Structured literacy requires explicit, systematic, and sequential instruction.
Explicit instruction: With explicit instruction, you make learning clear and straightforward for students. There’s no guesswork. You directly model a skill using multiple examples, and you verbalize your thought process at the same time. For example, you could use explicit instruction to show students how to segment a one-syllable word into individual sounds.
You also provide plenty of guided practice (working with students) and independent practice (having them work on their own). There’s a lot of teacher-student interaction with in-the-moment feedback.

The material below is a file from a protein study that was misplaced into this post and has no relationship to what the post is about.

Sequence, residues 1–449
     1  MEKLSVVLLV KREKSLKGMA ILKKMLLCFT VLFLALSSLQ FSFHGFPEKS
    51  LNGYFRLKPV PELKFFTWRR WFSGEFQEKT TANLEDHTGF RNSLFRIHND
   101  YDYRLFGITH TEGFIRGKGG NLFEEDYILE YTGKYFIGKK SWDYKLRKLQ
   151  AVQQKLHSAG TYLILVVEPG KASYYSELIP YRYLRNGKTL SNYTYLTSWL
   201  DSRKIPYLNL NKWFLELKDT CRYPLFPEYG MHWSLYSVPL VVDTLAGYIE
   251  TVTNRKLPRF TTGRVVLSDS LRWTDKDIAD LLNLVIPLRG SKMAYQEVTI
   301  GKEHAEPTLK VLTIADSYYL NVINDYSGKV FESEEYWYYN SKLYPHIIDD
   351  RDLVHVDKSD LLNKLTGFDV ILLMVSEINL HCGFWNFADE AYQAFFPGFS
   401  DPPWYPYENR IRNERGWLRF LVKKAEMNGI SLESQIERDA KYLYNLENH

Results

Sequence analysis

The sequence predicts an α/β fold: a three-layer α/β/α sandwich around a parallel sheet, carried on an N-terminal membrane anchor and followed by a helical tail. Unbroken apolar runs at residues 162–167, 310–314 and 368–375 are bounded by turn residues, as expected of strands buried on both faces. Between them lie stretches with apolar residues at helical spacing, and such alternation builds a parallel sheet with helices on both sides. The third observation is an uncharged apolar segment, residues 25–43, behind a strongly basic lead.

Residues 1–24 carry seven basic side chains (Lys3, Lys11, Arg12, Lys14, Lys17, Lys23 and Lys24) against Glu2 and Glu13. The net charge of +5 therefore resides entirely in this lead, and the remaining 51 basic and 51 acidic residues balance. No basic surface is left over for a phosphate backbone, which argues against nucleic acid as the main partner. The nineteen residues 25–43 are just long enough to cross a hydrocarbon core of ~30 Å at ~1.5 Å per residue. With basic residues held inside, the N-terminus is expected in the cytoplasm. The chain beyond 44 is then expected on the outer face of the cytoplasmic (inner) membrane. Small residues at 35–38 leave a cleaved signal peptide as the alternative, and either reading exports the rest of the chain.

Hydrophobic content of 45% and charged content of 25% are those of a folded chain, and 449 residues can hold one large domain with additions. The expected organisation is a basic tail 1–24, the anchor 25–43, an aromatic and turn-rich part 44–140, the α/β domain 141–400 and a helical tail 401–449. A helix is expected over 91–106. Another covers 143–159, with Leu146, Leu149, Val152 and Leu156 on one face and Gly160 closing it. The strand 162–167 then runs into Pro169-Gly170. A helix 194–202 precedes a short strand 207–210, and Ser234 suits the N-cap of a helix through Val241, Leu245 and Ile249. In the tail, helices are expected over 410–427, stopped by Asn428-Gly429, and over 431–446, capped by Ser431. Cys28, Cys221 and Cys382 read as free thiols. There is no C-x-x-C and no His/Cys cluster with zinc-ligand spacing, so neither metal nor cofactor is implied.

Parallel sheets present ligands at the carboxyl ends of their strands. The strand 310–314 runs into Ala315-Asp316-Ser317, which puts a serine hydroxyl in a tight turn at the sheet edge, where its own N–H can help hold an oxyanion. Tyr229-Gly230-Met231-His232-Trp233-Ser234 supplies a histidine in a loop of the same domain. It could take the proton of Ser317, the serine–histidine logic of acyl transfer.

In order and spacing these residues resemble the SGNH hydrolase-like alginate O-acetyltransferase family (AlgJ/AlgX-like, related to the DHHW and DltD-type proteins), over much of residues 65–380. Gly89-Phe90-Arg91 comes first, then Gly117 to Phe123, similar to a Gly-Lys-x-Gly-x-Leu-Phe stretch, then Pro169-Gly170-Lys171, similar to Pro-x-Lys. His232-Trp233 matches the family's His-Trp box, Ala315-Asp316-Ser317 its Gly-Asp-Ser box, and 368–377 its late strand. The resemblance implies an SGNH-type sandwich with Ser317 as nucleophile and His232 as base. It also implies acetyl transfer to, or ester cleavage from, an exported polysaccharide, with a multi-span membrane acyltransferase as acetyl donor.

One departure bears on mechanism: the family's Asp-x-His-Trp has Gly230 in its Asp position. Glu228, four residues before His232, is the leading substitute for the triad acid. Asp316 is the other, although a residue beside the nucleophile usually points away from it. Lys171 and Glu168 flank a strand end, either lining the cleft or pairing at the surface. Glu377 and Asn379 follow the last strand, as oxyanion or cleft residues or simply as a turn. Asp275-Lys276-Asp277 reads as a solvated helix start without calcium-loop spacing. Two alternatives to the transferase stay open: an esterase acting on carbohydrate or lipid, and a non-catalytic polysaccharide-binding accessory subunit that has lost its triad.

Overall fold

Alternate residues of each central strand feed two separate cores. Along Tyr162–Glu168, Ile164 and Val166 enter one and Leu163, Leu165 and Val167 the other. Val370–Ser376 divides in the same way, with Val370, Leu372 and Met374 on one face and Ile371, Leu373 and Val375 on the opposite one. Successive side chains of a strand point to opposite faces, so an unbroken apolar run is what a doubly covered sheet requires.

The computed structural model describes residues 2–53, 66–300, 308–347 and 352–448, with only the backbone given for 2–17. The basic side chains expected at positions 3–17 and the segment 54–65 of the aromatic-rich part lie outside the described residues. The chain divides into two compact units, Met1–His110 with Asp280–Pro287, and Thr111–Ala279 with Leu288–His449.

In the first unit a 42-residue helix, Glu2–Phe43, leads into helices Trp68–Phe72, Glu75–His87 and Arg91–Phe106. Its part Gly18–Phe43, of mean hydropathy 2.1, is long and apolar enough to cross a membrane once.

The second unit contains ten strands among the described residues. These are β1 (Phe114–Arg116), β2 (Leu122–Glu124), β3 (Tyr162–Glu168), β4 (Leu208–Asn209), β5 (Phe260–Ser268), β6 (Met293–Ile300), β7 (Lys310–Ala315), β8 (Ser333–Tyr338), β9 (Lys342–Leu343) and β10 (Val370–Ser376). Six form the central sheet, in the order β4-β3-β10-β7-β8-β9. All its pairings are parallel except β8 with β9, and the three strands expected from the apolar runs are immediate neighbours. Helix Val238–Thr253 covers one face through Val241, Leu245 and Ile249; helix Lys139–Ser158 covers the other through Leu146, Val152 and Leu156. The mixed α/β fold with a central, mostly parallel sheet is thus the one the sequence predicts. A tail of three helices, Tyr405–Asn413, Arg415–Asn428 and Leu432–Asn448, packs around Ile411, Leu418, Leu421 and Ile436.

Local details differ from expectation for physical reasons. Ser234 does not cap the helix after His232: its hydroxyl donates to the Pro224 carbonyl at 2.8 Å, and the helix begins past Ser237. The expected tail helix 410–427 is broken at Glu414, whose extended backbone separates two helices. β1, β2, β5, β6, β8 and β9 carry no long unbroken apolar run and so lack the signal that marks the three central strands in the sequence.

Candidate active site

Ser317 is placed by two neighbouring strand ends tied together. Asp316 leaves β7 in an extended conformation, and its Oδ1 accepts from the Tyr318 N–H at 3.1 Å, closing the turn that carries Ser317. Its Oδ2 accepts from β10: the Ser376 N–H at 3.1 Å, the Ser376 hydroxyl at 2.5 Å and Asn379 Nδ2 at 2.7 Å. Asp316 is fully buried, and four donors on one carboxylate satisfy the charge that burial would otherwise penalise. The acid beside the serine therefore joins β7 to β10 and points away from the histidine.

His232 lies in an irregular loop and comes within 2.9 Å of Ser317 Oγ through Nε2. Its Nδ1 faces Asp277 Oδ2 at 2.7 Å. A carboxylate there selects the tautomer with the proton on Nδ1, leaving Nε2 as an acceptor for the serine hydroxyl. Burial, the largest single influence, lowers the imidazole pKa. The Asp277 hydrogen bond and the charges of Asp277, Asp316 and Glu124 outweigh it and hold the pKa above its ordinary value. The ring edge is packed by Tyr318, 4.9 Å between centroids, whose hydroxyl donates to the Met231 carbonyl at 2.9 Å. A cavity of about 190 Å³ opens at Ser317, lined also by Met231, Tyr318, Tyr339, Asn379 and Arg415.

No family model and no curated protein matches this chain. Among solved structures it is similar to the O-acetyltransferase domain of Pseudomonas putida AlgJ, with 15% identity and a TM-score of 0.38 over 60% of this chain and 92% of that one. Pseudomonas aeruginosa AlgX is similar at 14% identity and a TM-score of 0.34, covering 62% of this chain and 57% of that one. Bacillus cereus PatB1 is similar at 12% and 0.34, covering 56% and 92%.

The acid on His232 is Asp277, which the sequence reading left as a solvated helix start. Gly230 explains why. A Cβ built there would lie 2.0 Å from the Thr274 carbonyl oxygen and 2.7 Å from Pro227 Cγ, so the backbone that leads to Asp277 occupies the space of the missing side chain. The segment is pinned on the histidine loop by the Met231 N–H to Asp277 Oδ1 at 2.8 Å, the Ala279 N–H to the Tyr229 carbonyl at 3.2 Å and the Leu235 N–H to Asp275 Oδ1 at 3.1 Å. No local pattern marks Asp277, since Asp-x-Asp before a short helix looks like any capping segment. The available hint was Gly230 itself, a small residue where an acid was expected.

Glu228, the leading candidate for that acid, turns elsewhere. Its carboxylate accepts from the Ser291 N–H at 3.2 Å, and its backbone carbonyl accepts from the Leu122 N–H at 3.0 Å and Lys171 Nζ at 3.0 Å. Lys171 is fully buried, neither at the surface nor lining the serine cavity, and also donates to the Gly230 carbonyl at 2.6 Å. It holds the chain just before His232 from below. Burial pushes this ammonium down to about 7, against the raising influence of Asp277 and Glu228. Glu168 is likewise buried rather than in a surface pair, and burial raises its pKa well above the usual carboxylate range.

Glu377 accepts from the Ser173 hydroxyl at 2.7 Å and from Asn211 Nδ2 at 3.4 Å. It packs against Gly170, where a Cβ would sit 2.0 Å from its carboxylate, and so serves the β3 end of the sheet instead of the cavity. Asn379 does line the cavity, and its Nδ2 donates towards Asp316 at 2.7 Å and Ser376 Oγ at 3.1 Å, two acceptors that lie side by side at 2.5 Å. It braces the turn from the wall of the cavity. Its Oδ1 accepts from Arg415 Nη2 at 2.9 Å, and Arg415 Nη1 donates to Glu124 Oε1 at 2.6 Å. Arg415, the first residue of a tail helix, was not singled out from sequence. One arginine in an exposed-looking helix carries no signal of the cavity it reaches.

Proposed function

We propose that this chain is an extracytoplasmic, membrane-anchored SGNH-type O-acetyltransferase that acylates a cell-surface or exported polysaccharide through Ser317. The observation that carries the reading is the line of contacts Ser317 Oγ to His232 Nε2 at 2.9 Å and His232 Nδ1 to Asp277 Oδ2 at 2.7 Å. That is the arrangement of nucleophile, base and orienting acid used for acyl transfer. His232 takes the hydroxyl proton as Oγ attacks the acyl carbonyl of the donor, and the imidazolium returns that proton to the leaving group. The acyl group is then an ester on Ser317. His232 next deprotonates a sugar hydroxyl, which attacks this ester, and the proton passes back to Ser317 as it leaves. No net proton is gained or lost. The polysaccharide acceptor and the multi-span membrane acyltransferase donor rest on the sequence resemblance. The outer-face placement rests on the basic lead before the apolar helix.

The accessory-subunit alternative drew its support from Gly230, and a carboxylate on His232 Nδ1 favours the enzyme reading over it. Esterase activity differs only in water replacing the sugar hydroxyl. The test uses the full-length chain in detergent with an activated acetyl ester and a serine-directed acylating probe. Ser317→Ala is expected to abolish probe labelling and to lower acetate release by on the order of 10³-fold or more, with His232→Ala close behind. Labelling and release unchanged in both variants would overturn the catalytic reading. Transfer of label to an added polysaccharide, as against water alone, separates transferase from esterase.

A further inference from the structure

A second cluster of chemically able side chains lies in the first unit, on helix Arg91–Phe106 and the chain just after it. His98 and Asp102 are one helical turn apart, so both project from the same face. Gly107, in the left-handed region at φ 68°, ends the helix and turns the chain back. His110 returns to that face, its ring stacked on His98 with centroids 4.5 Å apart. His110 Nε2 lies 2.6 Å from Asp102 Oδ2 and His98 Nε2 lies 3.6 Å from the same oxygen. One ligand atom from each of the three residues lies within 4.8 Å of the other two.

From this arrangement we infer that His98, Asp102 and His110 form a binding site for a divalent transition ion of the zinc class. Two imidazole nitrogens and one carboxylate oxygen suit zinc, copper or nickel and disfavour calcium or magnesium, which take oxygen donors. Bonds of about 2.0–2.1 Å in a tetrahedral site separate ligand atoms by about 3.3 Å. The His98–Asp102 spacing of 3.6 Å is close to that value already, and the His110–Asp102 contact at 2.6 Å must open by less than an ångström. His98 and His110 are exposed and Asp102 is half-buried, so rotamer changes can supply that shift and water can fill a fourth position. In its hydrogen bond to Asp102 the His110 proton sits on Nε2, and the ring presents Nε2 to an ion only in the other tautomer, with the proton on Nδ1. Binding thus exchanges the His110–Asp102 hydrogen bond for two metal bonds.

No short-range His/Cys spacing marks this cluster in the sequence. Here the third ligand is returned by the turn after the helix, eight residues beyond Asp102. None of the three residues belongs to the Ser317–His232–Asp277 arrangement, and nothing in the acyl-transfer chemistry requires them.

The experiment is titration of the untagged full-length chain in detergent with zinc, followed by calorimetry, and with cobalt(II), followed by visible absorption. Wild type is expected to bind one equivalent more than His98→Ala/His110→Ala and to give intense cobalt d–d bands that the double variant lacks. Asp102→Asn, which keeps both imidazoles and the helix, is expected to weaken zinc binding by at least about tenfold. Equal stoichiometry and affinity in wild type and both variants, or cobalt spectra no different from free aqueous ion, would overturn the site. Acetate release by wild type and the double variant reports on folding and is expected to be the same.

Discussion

Systematic and sequential instruction: With
systematic and sequential instruction, you teach skills in a logical order. Students learn and master easier skills before moving on to more complex skills. For instance, you would teach students how to blend two letters before asking them to find the blends in words.
The goal of systematic and sequential instruction is to make sure students have the knowledge they need to learn a new skill. Teachers who use this type of teaching also continue to practice and review previously learned skills.
Read more about
how structured literacy is different
from other approaches.